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VictorTango777

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Oct 28, 2017
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During Trump's visit to UK, was he really trying to get private US companies into UK's National Health System, and for what purpose?
Drag down healthcare in other countries so the US doesn't look so bad?
 
Last edited:

Huntn

macrumors demi-god
May 5, 2008
17,089
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The Misty Mountains
Let the citizens decide. And not by a vote at the ballot box.

Let's allow anyone who wants MFA to be able to opt-in on their tax return. They will get Medicare based HC coverage and pay the corresponding tax surcharge.

The rest MUST provide proof of private coverage or they will be automatically converted to MFA, and taxes accordingly. Private coverage can include varying deductibles and OOP's and all plans will be national.

Private companies can chose which type of plan they want to provide their workers, as they do now. Coverage minimums will be what Medicare currently covers and private insurers mush meet that threshold.

Since the country is divided very close to 50/50 Liberal/Conservative there should be plenty of people opting in to MFA. Enough to show if it is even manageable with that number of people.

Doctors and hospitals must accept both and the rates charged must be identical.

All government workers, including ALL members of Congress and their staffs must be on MFA.

Bernie commented that yes taxes will rise, but will be offset by not having to ever to pay a penny out of pocket. This will give us a chance to see if this works without completely dismantling the existing system.

Fire away.
Not a bad sounding idea. My Dad retired 25 years ago as a GS something, with govt insurance and it’s incredibly good. I suspect it’s been lessened since then.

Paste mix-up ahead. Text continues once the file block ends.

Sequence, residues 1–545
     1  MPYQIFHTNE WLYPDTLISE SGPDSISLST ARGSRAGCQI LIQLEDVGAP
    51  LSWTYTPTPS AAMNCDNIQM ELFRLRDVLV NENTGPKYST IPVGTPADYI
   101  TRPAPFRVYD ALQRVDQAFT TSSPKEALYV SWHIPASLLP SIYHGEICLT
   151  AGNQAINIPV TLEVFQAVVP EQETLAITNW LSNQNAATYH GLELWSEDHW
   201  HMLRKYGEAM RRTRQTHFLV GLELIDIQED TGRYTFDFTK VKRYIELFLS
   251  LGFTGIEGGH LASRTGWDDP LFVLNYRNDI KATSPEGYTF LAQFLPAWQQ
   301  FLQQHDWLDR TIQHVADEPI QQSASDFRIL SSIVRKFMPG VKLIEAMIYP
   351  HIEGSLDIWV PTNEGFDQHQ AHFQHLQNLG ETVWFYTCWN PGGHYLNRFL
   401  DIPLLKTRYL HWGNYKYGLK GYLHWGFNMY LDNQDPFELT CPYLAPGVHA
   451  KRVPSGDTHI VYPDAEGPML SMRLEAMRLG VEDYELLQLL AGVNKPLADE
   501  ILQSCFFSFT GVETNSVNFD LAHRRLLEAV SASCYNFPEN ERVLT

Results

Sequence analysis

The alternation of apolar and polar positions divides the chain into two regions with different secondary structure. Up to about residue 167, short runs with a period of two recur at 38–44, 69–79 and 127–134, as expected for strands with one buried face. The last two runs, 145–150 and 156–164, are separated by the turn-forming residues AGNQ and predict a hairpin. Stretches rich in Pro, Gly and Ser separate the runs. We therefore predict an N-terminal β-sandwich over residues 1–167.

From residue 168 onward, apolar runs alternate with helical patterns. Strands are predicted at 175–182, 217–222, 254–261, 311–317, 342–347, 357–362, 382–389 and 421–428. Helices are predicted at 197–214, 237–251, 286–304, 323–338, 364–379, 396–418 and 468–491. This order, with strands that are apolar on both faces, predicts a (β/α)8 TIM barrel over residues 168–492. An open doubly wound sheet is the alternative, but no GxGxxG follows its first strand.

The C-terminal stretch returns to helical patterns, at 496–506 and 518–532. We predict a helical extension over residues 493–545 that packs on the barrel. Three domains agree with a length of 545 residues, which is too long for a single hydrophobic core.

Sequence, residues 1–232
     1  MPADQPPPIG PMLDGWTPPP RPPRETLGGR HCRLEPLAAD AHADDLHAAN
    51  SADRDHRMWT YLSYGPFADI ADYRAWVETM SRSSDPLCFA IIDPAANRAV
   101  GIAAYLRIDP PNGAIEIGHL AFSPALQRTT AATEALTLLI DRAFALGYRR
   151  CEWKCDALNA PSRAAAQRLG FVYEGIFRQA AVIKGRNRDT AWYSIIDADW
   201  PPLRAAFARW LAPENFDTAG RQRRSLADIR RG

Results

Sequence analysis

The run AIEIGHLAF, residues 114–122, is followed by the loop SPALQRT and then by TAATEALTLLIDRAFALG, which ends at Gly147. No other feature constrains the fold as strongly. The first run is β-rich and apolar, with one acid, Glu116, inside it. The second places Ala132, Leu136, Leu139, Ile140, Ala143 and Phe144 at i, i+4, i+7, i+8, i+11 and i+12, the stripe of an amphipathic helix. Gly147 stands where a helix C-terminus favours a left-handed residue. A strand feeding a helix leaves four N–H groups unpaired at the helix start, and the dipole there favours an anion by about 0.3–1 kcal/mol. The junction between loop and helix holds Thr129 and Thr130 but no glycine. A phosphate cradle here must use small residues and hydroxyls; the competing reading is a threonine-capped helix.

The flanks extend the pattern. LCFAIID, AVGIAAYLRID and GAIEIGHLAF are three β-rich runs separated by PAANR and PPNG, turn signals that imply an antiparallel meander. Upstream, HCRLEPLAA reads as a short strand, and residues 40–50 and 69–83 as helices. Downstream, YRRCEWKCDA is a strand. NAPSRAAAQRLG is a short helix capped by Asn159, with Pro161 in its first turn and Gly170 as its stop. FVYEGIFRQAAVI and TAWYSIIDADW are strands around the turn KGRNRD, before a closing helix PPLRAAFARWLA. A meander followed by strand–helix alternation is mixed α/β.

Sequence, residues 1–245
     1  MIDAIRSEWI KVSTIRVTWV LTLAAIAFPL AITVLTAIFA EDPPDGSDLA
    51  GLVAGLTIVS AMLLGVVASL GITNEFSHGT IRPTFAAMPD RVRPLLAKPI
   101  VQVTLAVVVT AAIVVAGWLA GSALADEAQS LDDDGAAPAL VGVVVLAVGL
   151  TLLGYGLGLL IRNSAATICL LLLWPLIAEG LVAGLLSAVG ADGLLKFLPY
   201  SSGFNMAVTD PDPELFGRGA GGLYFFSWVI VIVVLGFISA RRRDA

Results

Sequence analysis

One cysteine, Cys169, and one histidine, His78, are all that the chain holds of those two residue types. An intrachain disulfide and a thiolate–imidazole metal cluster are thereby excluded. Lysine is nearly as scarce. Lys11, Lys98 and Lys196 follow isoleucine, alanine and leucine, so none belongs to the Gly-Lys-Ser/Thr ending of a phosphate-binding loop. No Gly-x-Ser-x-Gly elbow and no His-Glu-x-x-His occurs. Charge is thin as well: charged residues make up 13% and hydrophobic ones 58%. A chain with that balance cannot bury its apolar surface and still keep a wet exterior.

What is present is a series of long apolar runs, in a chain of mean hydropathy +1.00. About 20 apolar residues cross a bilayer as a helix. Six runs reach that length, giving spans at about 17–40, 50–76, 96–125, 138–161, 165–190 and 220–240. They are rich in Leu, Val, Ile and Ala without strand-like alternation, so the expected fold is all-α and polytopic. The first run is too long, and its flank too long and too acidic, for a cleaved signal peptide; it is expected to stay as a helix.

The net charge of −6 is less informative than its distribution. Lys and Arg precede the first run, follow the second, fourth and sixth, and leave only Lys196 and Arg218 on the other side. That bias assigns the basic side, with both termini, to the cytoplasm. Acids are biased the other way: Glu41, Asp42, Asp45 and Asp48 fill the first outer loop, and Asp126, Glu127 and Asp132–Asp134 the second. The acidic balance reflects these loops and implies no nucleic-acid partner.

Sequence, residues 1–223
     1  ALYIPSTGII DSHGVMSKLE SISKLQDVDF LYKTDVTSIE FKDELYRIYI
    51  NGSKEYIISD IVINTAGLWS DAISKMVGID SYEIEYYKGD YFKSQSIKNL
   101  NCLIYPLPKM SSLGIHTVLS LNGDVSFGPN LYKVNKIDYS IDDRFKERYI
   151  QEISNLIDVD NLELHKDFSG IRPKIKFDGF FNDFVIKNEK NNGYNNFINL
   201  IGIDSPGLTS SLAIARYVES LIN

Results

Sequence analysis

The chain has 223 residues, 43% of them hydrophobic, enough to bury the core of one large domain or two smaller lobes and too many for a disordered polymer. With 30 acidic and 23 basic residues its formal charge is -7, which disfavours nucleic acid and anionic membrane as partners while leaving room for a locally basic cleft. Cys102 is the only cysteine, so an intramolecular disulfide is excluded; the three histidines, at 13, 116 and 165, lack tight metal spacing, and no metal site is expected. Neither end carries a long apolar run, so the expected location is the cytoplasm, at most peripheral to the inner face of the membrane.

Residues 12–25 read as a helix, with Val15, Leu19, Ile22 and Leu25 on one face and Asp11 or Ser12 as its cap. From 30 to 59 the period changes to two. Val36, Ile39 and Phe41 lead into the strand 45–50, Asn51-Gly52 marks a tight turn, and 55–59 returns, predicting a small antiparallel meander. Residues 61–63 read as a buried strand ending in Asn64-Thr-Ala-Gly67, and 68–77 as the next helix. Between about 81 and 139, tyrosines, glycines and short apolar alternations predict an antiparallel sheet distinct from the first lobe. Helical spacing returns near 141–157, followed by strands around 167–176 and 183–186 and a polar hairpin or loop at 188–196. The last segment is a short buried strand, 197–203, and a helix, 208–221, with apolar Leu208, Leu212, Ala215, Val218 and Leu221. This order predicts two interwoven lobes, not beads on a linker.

[doublepost=1561851005][/doublepost]
What about people who aren't working and therefore aren't paying in?
They go to the Emergency Room and wait? That has always been one of my pet peeves, and the reason I liked The ACA , the mandate. Of course the Rs are doing their best to destroy the ACA with nothing replacing it, a big F*CK You to those who need a solution. :(
 
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Herdfan

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Apr 11, 2011
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You can sue the NHS in court. They lose sometimes and settle sometimes.
Does that include the Dr.? Or are you referring to suing the NHS for something they didn't cover?

I am talking about people in the USA that will sue Dr.'s anytime the results don't end in their favor. Some states have tried to limit frivolous suits, but some still get through costing money and the Dr.'s Reputation.
 

Apple OC

macrumors 68040
Oct 14, 2010
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Hogtown
Perhaps someone in the UK or EU in general can answer this.

Here in the US, you can pretty much sue a Dr. for anything that went wrong. Baby dies during delivery, Dr. gets sued even if he/she did everything right and the insurance company will most likely settle to avoid a trial. Without a doubt this increases cost for everyone.

What happens in the countries with UHC? Are lawsuits as rampant? Will insurance companies settle to avoid court or will they fight?
They kill you on your next follow up appointment ;)
 

Sydde

macrumors 68020
Aug 17, 2009
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Way back in 2009, there was talk kind of along these lines. It was called the "public option", whereby people would have had publicly-funded alternative insurance that they could sign up with. However, the large insurance companies got together and stuck a major player, Senator Max Baucus, in their pocket, thus killing the public option. Because, that would have been unfair competition for them. And here we are.
 

appleisking

macrumors 6502a
May 24, 2013
658
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Why don't we just fund a public option that anyone can pay into and whose cost is dependent on income? Everyone else who's happy with their plan can stay and nothing has to change? Meantime we focus on the real issues causing increased healthcare spending (like lawsuits, lack of transparency on prices, and not enough doctors in primary care due to the expense of medical school necessitating more lucrative specializations).
 
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Herdfan

macrumors 6502
Original poster
Apr 11, 2011
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Why don't we just fund a public option that anyone can pay into and whose cost is dependent on income?
I would be all for that, but there is a huge risk for the MFA crowd.

What if it absolutely sucked and nobody was happy with it? At that point chances of UC would be dead for years.